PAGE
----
Abstract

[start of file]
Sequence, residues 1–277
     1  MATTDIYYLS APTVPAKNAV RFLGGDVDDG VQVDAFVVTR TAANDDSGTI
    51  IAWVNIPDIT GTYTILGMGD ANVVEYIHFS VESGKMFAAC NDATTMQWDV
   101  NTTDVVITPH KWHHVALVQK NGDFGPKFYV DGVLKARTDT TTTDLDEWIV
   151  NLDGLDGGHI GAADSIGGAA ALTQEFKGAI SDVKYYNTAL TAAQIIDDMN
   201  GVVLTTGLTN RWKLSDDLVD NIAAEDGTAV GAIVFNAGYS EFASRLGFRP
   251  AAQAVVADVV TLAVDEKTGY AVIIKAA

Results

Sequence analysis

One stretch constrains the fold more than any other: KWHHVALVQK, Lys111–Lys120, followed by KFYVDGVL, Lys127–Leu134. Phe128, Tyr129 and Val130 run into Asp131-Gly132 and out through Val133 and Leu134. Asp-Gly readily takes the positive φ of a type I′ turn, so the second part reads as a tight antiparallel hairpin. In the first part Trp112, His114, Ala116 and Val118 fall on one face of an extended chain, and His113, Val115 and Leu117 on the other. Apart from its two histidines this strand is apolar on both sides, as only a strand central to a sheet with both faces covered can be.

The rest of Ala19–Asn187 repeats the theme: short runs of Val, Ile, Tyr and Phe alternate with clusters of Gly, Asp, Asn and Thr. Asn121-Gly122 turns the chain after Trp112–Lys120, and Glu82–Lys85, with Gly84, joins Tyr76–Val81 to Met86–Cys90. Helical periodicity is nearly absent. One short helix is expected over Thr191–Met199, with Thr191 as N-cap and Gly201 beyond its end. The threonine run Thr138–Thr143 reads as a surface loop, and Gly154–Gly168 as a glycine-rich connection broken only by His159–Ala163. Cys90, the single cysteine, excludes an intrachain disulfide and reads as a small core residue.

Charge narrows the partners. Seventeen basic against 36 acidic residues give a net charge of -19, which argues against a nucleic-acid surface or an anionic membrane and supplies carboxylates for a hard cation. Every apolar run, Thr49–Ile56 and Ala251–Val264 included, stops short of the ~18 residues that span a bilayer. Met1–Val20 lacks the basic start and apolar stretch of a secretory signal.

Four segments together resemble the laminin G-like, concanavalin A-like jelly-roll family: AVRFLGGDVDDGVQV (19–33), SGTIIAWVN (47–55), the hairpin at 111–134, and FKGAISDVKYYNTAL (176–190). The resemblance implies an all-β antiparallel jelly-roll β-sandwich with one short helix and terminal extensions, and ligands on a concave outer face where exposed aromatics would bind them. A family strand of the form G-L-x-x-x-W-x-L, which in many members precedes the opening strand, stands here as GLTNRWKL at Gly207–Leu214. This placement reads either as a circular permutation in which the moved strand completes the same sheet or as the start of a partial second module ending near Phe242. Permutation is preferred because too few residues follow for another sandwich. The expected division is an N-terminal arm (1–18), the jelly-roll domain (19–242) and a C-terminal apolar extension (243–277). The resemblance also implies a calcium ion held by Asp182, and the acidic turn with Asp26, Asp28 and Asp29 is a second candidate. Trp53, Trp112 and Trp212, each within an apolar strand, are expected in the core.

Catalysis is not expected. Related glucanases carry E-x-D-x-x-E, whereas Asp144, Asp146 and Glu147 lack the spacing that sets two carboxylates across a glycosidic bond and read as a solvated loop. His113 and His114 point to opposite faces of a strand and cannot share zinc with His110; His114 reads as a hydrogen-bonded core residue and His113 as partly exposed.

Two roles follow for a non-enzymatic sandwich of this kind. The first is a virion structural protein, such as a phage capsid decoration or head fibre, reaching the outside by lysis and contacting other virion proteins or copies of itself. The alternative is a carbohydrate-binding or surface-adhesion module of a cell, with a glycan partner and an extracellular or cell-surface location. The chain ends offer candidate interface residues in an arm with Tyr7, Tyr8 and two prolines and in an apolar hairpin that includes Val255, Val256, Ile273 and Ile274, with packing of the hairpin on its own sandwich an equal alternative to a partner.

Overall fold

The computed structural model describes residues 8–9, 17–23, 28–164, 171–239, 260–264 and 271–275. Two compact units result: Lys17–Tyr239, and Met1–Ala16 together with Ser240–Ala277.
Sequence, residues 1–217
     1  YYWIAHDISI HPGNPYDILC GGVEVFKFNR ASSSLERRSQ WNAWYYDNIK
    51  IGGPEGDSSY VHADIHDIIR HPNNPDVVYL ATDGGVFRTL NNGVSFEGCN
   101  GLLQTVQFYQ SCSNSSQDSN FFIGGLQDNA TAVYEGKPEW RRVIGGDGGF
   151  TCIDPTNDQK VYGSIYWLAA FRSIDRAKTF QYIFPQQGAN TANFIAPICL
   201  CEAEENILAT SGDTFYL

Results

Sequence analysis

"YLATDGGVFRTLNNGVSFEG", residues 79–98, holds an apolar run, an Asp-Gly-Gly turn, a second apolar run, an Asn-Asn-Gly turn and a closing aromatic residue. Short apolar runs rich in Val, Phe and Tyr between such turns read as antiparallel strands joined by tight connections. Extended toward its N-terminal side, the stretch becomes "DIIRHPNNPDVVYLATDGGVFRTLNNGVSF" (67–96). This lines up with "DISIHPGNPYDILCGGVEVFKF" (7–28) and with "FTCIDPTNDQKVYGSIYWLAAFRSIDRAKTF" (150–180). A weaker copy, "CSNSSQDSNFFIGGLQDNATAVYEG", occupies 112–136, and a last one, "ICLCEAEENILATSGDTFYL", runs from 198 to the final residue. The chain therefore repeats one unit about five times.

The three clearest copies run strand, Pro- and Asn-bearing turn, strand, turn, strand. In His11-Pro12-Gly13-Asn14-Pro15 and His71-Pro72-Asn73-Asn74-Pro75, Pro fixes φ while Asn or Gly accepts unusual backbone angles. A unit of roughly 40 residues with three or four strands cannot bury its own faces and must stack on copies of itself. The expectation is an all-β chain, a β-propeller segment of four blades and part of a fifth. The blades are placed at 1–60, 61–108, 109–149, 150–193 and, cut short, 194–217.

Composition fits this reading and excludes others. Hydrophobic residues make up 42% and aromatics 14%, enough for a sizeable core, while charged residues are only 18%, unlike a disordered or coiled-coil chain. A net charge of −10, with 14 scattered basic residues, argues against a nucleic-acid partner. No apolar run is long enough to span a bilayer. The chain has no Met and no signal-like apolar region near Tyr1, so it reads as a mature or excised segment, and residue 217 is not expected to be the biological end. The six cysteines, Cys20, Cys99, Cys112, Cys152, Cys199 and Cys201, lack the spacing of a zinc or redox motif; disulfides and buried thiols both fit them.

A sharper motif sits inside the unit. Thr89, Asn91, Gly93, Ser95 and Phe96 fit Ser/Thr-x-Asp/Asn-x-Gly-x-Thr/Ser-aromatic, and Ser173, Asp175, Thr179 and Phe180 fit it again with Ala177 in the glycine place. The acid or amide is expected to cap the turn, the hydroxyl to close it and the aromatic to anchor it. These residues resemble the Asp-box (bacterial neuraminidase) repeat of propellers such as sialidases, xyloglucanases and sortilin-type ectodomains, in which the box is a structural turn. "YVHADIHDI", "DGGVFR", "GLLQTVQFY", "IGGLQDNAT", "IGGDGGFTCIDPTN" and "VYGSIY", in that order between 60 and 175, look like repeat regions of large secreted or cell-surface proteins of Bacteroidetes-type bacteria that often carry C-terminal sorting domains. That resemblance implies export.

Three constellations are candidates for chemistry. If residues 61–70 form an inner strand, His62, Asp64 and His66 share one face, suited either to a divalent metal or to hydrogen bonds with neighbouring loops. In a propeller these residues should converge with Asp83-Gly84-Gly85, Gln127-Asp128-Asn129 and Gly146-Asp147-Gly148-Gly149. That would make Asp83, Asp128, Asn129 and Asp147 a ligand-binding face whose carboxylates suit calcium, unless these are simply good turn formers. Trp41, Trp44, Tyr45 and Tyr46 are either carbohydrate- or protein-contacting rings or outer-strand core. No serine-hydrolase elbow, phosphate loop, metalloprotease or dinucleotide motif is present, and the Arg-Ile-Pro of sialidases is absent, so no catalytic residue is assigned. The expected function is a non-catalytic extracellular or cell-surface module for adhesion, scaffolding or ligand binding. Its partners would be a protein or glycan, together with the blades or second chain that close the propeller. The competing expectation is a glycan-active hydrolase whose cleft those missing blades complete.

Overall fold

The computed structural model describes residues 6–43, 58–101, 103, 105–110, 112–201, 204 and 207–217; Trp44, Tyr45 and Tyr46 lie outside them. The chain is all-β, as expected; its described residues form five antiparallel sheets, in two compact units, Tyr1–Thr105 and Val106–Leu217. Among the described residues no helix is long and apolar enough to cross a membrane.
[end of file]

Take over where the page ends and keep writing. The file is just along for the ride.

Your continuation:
Reflectance of three paper grades was investigated using a pressure gauge, an imaging system, and a spectrophotometer. It was observed that under high pressure, dark-colored areas appear in paper when using the imaging system. The area of the dark pattern increases as the pressure is raised. Reflectance measurements as a function of wavelength confirmed that the dark patterns appear due to the contact of the paper and the probe window of the pressure gauge. Based on results by other researchers the amount and the nature of optical contact observed depends on structural properties of paper such as surface roughness, formation, and compressibility. Although there are differences in the spectral properties of different paper grades they all share the common feature that the reflectance is decreasing as a function of the applied pressure. An empiric result for the fine and the super-calendered (SC) paper samples measured is that they both have an exponential dependence of total reflectance as a function of applied pressure when the illumination wavelength is kept constant.

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